The 13 Best Places to Eat
in Quebec City
Yearning for the charm, history and fantastic cuisine that a trip to Europe delivers, without having to sit through the long flight?
Look no further than Quebec City—the capital of La Belle Province where bistro-lined, cobblestone streets that ring with the sound of bonjour and merci could fool anyone that they’ve departed Canada for France.
Quebec City was an Iroquois village of the First Nations people before it was discovered by the French explorer Samuel de Champlain in 1608.
Through England conquered the province of Quebec in the late 1700s, the impression left by the first European settlers from France largely remained. Today, the city is an emblem for everything quintessentially French-Canadian—and nowhere is this more evident than in their culinary culture.
The Quebecois have a penchant for food; one that is distinct from the rest of Canada and likely the influence of the French and their innate love for gastronomy. Quebecois food staples are the result of the many cultures that played a part in its history.
The English contributed savoury pie, known in Quebec as tourtiere, which is minced pork in a flaky crust. The British are also said to have been the importers of potatoes and cheddar cheese, resulting in the much-loved combination of fries, curd and gravy known as poutine.
Salting was introduced to the Europeans by the First Nations people: a preservation tactic to keep meat from spoiling during Canadian winters. This is the basis of cretons, a salted pork spread that’s best enjoyed on toast for breakfast.
Quebec’s tarte au sucre (sugar tart) hails from Normandy, from where many of Quebec’s settlers arrived.
Another favourite, warming and rib-sticking pea soup, was born out of pure survival to get through the cold months, as peas were easy to dry and store.
Is your mouth watering yet? Experience Quebecois cuisine for yourself: here’s my list of Quebec City’s best places to sample everything from French-Canadian delicacies to elevated pub grub to dishes with an international twist. À table!
Original stone walls, wood beam ceilings and the St. Lawrence River frame Chez Muffy, a restaurant renowned for its French-Canadian, farm-to-table fare that uses produce from its farm on the nearby Ile d’Orleans.
Find Chez Muffy at our favourite boutique hotel in the city, the luxurious Auberge St. Antoine.
While I admit it’s a bit on the touristy side, the old-world vibe and their tourtiere make it worth checking out this traditional Quebecois restaurant.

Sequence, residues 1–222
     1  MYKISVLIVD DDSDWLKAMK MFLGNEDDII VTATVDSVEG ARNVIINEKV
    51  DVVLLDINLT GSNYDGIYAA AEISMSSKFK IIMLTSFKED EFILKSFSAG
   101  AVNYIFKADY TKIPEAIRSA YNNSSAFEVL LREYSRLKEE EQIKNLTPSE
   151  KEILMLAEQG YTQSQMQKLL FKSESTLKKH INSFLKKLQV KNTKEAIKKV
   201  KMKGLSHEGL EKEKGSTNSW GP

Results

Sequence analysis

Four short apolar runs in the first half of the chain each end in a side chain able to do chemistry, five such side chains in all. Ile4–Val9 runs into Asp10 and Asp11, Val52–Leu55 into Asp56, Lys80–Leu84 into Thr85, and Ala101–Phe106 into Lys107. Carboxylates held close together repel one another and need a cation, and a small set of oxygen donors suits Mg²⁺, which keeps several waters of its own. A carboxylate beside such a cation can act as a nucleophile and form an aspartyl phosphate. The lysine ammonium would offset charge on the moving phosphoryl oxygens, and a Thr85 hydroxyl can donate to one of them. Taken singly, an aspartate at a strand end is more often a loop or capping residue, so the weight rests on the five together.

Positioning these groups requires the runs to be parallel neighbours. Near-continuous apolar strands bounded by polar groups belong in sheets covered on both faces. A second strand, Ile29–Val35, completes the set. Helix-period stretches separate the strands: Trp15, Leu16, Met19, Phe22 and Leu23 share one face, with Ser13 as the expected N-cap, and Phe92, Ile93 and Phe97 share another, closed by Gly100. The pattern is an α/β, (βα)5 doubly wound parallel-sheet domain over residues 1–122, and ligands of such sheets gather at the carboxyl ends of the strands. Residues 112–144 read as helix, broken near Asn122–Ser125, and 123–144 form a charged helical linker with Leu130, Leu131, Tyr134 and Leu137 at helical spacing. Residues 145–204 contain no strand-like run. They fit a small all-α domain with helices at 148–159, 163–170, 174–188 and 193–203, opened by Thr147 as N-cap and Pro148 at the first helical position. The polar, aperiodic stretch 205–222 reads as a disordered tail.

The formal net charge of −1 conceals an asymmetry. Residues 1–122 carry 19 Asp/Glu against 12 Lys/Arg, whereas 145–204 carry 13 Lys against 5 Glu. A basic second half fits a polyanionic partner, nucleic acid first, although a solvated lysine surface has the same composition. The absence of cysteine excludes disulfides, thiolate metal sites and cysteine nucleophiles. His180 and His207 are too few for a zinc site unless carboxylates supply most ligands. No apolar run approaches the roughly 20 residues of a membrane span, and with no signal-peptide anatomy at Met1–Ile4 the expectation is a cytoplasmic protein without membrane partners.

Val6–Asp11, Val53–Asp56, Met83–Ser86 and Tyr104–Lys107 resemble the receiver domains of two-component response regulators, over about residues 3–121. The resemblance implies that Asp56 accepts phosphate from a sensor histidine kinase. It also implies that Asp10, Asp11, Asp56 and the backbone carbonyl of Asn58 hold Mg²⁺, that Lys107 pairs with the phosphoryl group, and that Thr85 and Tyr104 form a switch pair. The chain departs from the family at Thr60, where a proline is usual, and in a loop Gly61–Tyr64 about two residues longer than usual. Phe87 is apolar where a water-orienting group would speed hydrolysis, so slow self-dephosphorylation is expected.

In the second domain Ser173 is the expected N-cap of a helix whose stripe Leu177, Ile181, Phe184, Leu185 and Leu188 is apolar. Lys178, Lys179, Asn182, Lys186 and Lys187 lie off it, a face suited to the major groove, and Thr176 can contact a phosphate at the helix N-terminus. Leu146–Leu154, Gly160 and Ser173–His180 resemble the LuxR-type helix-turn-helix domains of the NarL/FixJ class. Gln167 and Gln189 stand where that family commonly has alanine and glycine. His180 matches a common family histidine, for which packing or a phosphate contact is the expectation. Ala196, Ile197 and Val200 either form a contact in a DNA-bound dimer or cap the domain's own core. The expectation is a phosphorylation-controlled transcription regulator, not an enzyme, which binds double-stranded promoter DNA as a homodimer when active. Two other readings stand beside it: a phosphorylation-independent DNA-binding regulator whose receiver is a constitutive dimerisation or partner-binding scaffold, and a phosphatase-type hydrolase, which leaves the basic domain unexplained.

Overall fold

Other favourite dishes you’ll find here include Grand-mère (Grandmother’s) pea soup and meats hailing from the province such as red deer, caribou and bison in the form of ragout and stews.
For a truly gourmet experience, visit Le Saint-Amour: a hot spot for upscale French food that boasts one of the top wine lists in the country and a menu to match.
World-class cuisine is served in a bright dining room accented with mirrors and hanging plants. You can order à la carte or try the tasting menu with the (highly recommended) option for wine pairings.
In a homey dining room, choose from savoury galettes made with buckwheat flour that range from the standard egg-ham-cheese variety to more extravagant specialty items like La Belle Illoise, dressed with scallops and shrimps.
Follow it up with one of their sweet crepe options for dessert—perhaps the one drenched in maple syrup for some true Canadiana.
Hands down—the best croissants in town! Their fresh-baked bread and pastries, gourmet pizza and Italian-imported gelati impress, too.
Paillard has four locations within Quebec City, including their flagship shop centrally located in the Old Town.
This Relais & Châteaux establishment serves French haute cuisine in an understated—yet sophisticated—dining room.
A three-course carte fuses meat and fish sourced from Quebec with the flavours of France, while a tasting menu allows you to sample a little bit of all of the chef’s top offerings.
Tuck into seasonally inspired antipasti, hearty homemade pasta and all-around sublimely executed Italian food at Battuto.
Seating is limited in this cozy, minimalist space, so book your table well in advance.
For your morning java or a midday pick-me-up, head to Cantook: an artisanal coffee shop that roasts all their beans in-house.
Sip your brew in their cozy, wooden café—inspired by Canadian forests—or revel in the happenings of Rue Saint-Jean while seated in a chair out front.
Le Pied Bleu is your classic bouchon, a type of bistro hailing from Lyon, France, whose focus is on rich meats and charcuterie.
Don’t miss the house-made boudin noir (black pudding), a 5-time medalist at the elite Foire au boudin (Black Pudding Festival) that’s held annually in Normandy, France.
At this bar au vin, natural wine is paired with creative tapas in an intimate setting with exceptional hosting.
Knowledgeable servers guide you through their curated list of wine options—by the bottle or by the glass—and a menu that’s always on rotation depending on what’s in season.
For a break from French-Canadian dishes, visit this Japanese haunt where you can share plates of sushi, yakitori and sip on sake in a hip atmosphere with unstained wood benches, concrete walls and a touch of greenery.
La Planque evokes the ambiance of a cozy, wood log cabin mixed with a rustic-chic gastropub.
Their innovative takes on Canadian fare sees local meats like guinea fowl and duck be taken up a notch with crafty foams and purees.
Ask for a seat at the bar so you can watch the chefs in action in the open kitchen.
Spend your night tasting seafood and sipping on fabulous cocktails at this pirate-like tavern that specializes in a variety (up to 10!) of fresh oysters.
With only about 20 seats and no reservations, make sure to show up early—I promise it’s worth the wait!